Joho the BlogAugust 2008 - Page 3 of 7 - Joho the Blog

August 25, 2008

WE mag launches

WE magazine has launched with a set of articles by, and interviews with, a stellar set of folks, including Stephen Downes, Dan Gillmor and Ethan Zuckerman. You can read it online for free, or pay for PDF or a paper version.

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August 24, 2008

Scrivener is on our side

I blogged yesterday about wanting a word processor that reflects better how we actually write. Islamoyankee in the comments suggested Scrivener, a Mac tool I tried once but didn’t take to, for whatever reason.

This morning, I took another look at it and found this paragraph on its home page, at the end of its product description:

Because Scrivener is about shaping chunks of text into a final typescript, Scrivener knows nothing of pages until it comes to exporting or printing and therefore does not have the page layout viewing features of modern word processor applications. So if you are just looking for an alternative to Word you might want to try Nisus Writer or Mellel. If you are drawn by Scrivener’s full screen mode but aren’t bothered about its large writing project management tools, try WriteRoom. If you came to this page because you have struggled with traditional word processors in trying to manage or finish a large writing project, try Scrivener by downloading the 30-day trial. And if after 30 days you decide that Scrivener isn’t the tool for you, be sure to check out the Links page for a list of alternative writing tools.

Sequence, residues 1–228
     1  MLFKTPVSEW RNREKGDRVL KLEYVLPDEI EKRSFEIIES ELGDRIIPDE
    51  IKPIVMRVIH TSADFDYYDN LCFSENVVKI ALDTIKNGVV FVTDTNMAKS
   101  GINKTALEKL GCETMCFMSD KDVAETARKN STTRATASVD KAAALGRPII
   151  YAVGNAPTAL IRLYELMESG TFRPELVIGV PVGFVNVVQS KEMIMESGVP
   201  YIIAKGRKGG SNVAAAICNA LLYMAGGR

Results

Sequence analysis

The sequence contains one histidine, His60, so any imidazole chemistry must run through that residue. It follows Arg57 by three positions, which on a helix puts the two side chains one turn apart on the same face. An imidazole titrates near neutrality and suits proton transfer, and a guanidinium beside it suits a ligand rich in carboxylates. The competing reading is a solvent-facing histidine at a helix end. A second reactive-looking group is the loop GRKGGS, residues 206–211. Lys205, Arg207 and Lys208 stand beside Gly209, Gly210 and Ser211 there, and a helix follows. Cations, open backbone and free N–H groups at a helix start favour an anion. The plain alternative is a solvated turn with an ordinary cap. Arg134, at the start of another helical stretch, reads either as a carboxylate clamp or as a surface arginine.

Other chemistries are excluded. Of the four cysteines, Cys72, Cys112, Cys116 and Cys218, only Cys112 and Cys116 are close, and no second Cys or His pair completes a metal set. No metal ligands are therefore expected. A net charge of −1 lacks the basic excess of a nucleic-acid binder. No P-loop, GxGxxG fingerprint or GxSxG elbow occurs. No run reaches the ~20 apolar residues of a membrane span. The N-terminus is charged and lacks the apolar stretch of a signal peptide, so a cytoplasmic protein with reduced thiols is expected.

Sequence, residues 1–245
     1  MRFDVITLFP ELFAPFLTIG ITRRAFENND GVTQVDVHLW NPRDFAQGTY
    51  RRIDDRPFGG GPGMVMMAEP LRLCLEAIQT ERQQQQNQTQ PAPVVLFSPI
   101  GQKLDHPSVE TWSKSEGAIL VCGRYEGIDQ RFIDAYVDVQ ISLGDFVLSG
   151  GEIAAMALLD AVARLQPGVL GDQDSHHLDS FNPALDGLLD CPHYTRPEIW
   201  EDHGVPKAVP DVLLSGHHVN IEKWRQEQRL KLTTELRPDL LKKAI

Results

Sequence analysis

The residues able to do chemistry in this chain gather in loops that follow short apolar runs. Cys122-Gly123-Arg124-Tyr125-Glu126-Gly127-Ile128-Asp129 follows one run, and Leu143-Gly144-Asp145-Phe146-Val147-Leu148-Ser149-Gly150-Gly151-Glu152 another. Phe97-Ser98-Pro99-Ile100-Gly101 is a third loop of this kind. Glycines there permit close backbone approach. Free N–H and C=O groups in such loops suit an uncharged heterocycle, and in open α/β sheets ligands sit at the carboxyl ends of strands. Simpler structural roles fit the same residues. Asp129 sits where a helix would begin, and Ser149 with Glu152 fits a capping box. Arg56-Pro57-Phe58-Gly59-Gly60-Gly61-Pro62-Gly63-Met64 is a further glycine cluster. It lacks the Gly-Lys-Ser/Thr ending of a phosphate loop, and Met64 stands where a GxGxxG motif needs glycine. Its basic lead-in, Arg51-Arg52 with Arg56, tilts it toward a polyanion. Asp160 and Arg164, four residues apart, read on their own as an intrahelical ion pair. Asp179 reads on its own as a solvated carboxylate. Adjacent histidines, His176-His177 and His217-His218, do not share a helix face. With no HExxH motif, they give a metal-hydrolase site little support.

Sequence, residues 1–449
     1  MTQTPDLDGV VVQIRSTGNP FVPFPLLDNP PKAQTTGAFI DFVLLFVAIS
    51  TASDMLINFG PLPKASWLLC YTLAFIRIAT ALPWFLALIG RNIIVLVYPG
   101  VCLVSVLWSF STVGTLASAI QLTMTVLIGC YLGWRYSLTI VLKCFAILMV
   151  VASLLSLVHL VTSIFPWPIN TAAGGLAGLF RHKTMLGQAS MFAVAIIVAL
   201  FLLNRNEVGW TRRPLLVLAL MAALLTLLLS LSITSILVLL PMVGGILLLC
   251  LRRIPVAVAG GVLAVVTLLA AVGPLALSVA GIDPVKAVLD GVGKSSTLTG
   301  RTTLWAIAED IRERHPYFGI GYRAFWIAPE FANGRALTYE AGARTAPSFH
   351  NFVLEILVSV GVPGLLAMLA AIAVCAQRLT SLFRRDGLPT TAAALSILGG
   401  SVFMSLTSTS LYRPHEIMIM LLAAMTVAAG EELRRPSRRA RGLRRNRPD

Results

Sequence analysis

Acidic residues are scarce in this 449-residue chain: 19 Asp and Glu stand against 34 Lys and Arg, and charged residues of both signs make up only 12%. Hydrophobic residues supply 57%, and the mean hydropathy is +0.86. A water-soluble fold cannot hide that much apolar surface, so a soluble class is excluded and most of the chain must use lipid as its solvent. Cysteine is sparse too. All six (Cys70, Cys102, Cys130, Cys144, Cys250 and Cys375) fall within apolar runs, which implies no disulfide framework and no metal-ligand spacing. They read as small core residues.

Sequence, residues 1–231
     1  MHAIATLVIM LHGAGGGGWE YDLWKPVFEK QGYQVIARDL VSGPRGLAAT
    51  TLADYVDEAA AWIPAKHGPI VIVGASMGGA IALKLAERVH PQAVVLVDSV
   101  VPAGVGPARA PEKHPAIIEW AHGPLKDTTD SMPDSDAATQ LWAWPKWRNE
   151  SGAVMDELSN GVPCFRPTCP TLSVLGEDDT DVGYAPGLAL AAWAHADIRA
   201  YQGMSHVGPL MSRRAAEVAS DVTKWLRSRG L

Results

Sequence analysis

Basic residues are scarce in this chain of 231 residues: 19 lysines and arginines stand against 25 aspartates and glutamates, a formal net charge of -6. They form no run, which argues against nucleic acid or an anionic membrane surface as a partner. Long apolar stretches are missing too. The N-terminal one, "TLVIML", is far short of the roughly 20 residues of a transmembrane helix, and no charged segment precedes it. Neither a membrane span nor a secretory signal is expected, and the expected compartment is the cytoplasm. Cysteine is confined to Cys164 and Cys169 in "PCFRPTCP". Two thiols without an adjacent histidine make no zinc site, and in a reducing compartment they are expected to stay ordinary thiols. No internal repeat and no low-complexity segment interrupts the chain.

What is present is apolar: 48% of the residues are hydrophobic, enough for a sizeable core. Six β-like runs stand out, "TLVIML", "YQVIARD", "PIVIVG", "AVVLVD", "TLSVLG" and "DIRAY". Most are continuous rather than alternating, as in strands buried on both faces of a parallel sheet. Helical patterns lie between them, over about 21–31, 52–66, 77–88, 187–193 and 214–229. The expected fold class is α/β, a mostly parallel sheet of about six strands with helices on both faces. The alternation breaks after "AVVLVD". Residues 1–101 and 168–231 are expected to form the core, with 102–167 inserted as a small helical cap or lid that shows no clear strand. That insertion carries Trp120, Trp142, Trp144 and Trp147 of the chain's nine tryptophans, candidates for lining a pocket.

This is how a company acts when its confident of its product and is genuinely on the side of its users.

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I like Biden, but his Net policy sucks (apparently)

Declan McCullagh has the goods (apparently) on Biden’s tech and Net policy record. It totally sucks and is completely out of step with Obama’s. Thankfully, Obama’s not appointing Biden as head of the FCC.

I like Biden as a VP pick. He’s prepared in case the unthinkable happens. He’s got some real values as a person. And I think he brings not only foreign policy experience but also some bluntness to the campaign. But, have I mentioned that his Net policy sucks? (Apparently?)

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Brad Sucks’ music video clichés

Brad Sucks is declaring his Music Video Cliché Contest to be a success. Hard to argue with the collected works…

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The Google Magic 8 Ball

Yesterday afternoon, my assorted nieces and nephews clustered around the ol’ laptop, googling their name + the word “needs,” and reading aloud the amusing results.


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August 23, 2008

A word processor I want

Typewriters were terrible tools for writing drafts if only because they had no facility for crossing sections out. At least with a pen, you could make a quick line through an entire paragraph that failed.